Over the last few years, the rapid rise of online presences and digital outlets has plagued many famed publications that are most notably known for their distinguished work in print. All have taken a big hit as not only money has been lost, but also in the equation, has been a mass loss of jobs as well. Taking the fall this time around is none other than the iconic New York Magazine, which revealed this past Monday that they’ll be slashing its print run, and will drop to a bi-weekly publication beginning at the top of next year—which, according to the NY Post will supposedly start somewhere in March. Due to a hefty loss of $1 million dollars within this year alone, company executives decided this would be the best solution.
Before the financial meltdown took its course in 2008, the New York magazine was consistently pulling in 3,300 ad pages a year, but now in 2013, the current print edition will barely be above 2,000 ad pages. The company claims it is repositioning the venerable publication for the way people consume modern media.
“Legacy media companies are trying to change the tires while they are doing 100 mph,” said Barry Lowenthal, president of Media Kitchen, an ad-buying agency.
“While print has been challenged, it will end the year within 5 percent of last year’s performance,” insisted Publisher Larry Burstein, who said the frequency changes will save $3.5 million in printing and distribution costs.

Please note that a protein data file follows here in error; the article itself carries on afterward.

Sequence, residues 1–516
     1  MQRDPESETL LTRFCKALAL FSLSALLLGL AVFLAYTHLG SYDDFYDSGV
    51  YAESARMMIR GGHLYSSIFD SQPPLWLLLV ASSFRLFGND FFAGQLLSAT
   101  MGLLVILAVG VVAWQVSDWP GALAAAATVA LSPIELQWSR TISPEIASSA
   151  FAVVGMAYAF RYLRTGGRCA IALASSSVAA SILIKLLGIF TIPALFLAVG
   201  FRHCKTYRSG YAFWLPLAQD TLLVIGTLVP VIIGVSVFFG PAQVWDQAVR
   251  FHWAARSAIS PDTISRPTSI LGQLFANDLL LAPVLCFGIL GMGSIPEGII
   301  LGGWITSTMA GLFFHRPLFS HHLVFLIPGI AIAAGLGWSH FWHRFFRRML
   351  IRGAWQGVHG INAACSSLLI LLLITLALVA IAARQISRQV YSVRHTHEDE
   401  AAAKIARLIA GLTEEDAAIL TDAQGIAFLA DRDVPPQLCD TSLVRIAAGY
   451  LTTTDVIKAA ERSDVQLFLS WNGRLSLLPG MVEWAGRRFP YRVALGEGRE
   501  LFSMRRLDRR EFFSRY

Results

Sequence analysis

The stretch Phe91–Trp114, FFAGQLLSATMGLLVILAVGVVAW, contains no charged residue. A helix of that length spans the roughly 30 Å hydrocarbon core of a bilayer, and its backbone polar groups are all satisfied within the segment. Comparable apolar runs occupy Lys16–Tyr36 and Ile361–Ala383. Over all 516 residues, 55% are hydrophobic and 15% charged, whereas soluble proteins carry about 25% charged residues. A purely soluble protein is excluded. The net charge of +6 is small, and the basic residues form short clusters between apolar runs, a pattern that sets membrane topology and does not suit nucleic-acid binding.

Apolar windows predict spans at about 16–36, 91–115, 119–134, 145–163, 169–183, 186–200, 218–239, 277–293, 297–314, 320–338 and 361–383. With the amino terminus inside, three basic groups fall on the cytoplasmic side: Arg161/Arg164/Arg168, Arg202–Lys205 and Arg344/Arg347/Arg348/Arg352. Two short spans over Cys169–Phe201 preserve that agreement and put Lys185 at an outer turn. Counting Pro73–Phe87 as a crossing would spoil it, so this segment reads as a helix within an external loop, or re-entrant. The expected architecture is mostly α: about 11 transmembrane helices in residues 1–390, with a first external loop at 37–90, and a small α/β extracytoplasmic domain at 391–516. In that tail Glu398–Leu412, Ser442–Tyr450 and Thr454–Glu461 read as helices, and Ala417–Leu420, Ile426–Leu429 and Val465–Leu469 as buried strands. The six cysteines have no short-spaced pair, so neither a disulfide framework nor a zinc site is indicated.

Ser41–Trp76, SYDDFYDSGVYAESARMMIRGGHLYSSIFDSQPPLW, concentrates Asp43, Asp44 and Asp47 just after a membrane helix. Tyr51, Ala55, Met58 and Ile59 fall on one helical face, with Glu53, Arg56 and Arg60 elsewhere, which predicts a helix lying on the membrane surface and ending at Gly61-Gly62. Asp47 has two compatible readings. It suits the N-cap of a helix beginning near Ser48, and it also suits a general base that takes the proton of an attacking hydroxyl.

“Revenue is growing and more than half the revs are coming from digital because digital is growing, while print is operating close to flat,” Burstein added.
“Personally I am sad because I enjoyed reading New York magazine every week,” said Lowenthal.
But he said the change for New York and other print publications is inevitable. “As ad budgets go more and more for digital, they were faced with the question of how do they make up the margins they were getting in print,” he said.
“For some brands, New York may be a must have, but clearly not for enough brands. Maybe this will give it a lifeline.”
The move to slash costs by dropping some of the printed editions has come up for discussion even when its benefactor Bruce Wasserstein was still alive. He bought the magazine in 2004 and it has been run by a family trust since he died in 2009.
“We’ve had the discussions about this move for the last five or six years,” said Chief Executive Anup Bagaria.
The move — from 42 issues this year to 27 in 2014 — signals “forward-thinking changes that best position the company for future growth,” he said. The magazine had shrunk to 42 issues, with the advent of double issues, over the past few years.
“We want to make New York more of a nationally focused publication,” Bagaria added.
The 2014 schedule also will include three special issues. In 2015, it will become a true fortnightly publication, with 26 regular issues — plus the three specials.